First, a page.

A cold chill like the breezes before a storm came over Zane’s heart. His hands shook. His eyes filled with hot tears. In blind rage, he tore the letter in two and let it fall to the ground. My father is dead. And the people I’ve given my life to serve killed him.... It wasn’t his father’s fault, he was sure. It was a well known fact the intercity militias, even the Knight’s Corp on occasion, shot first and asked later. “Zane!” Shyane ran up to him. “Zane, it’s time to leave.” He touched his shoulder. “What’s happened, my friend? Sari said she thought you may have gotten a black letter. Is that true?”
“Yes.”, Zane said dully.
“Oh, Zane! I am so very sorry....”
“Yeah, you should be!”, Zane yelled, out of nowhere.
Shyane was taken aback. “Zane, what....”
“You should be! You all should be!” Zane took a deep breath and stopped yelling. “Oh, forget I said a thing,” he muttered, “let’s just go.”
“Well, alright. The horses are ready, you and I have Triumph and Valor.”
Sir Nilsson met them as they were leaving. “Your first task,” he said, “will be to choose one to lead you. Then, you, as a group, will have your first task - to protect the King’s gold as you find your way through the forest. I will be with you in the time of four days. We will see how well you have done then, if you haven’t all gotten lost already. Move out!” The group mounted their horses and moved out.
“Right,” said Journada, “you heard him. The first thing is to choose a leader.”
“I can take that task,” said Lagos.
“Of course you can,” Carsamir said, “but I doubt we’d make it two miles.”
“Oh, and you would be so much better!”
“I think you should lead, Journada,” Shyane said.
“Oh, Shyane Telmar -”
“I mean it! Who’s with me?”
“I’d follow her!”, said Carsamir.
“Of course! She’s perfect!”, said Sari. Other students chimed in their votes. “Zane,” said Sari, “what do you think?”
Zane didn’t say anything. Neither did Lagos. “Majority rules,” said Shyane. “Take the lead, Lady del Mire.”
Journada turned red. “Shove off,” she muttered. “Let’s move!” They rode off into the forest, making their way through the winding trees along the ‘paths’ that had become overgrown long before they arrived.
As the hours ticked away, and the sun rose and set on days, Zane’s thoughts began to drive him mad. The same nightmare he had had before leaving came back to him every night, growing more feverishly realistic every time, different objects appearing in his hands. The letter. The gold. The dagger. Once he found himself holding one of the elvish arrows. Once it was some sort of gold necklace. And once his hands were empty, dripping with blood. That seemed to be the one constant -- he was always stained with blood. And the girl never spoke to him.
He was struggling with his commitment to the Corp as well. Why should I give them my loyalty after they caused my father to die? I don’t owe them anything. I shouldn’t even be here, rightly. It was a mistake. His thoughts grew into an inexplicable antagonistic attitude toward his friends, the knot of black hatred for them in Zane’s heart growing larger every hour. He wondered if he had snapped, and if this was what it really felt like to be going crazy. Finally, by the night before Sir Nilsson was set to arrive, he couldn’t take it anymore. He knew Lagos usually had some knowledge of disturbances. As they were settling down for the night, Zane and Lagos on guard he approached her. “Lagos,” he said, “You know something about disturbances. Did you hear what happened in the Thirteenth?”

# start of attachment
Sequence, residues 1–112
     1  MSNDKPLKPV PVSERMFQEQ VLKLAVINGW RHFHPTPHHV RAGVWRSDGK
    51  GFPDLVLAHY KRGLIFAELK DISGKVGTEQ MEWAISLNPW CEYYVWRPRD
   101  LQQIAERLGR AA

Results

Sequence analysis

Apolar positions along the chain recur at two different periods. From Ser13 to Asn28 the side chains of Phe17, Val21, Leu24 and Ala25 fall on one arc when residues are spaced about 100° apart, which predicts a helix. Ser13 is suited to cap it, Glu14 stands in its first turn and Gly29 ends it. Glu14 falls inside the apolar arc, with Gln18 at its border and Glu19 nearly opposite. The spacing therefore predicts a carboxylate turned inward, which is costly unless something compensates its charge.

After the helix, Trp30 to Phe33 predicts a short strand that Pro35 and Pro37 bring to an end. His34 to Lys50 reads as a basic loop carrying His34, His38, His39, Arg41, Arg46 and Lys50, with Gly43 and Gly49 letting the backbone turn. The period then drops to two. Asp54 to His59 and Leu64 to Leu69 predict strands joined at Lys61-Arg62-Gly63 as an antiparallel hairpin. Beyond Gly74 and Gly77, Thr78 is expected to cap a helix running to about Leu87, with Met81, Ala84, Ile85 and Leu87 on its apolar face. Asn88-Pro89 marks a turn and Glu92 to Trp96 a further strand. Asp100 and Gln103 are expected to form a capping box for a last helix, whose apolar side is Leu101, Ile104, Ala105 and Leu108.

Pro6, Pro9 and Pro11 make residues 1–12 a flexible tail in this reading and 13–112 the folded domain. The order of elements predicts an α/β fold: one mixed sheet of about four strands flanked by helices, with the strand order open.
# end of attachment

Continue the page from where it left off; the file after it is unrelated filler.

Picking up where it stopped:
“What? What happened?”
“Nothing of consequence.”
“Don’t give me that! You tell me!” She didn’t answer him. “Tell me!”
“I don’t understand why you see so much in it, just some incident with some troublemakers. Struck down on the spot, I’m told, even if that might be exaggerating a bit. We do well, don’t we?”
“Do well?” Zane was enraged. “That was my father! Are you honestly telling me you feel pride, feel ‘we did well’ for striking down an innocent man? Honestly?”
“We are knights, Lukas. We have to do what must be done.”
“Oh, is that true?” In a swift, angered motion Zane pulled out his knife and had it at her throat. “Then what if I feel you should be ‘struck down’ then? Hm?” All the madness and hatred that had been boiling in his mind for days was rising to the surface and overflowing.
“Don’t you dare touch me,” said Lagos, shrinking back slightly.
“You, listen to me. I am not one of you. I can’t count myself with you any longer. You stay back now, and I’m going to take this,” Zane said, gesturing to the box that held the gold, “take it and leave. You want a troublemaker? Well, you’ve got one.”
“Now, Zane,” said Carsamir, the other squires having been awakened, “put the knife down. I don’t know what you’re doing, but put it down. Don’t do this. If you need help....”
“Zane. Zane, listen to me. I don’t know what’s happening with you, but turning on us is not going to help you.”
“I said shut up!”, Zane shouted, whirling on him with the knife. “I’ll kill you,” he said, his voice trembling, “I’ll kill you all, I swear I’ll do it.”
“Zane, stop....” Carsamir grabbed Zane’s wrist. “Just put the knife down.”
That was a mistake. Zane lashed out, knocking the Carsamir to the ground. The knife in his hand pierced the other squire’s back, and Zane jumped back as he felt the blood soak through onto his open hands. The knife.The blood. Sari screamed, and the other squires recoiled. Shyane put his head in his hands. “What have you done?”, he murmured.
Journada swallowed hard and stepped forward. “Zane Lukas,” she said, “as your appointed leader, I am hereby taking you into custody under a charge of betrayal and...and murder.”
Zane hadn’t realized until then that he had his hand on the gold box. Wincing, he bent down and removed his knife from his friend’s body. “Get away from me,” he snapped. “I’m sorry. But I am no longer one of you.”
Then, he did the first thing that came to his mind. He ran. Into the dark forest with no idea what he was doing, just ran. As the sun rose, he came to rest on a cliffside. Sinking down underneath a tree, his eyes began to well up with tears. “What have I done?”, he whispered. “What have I done?”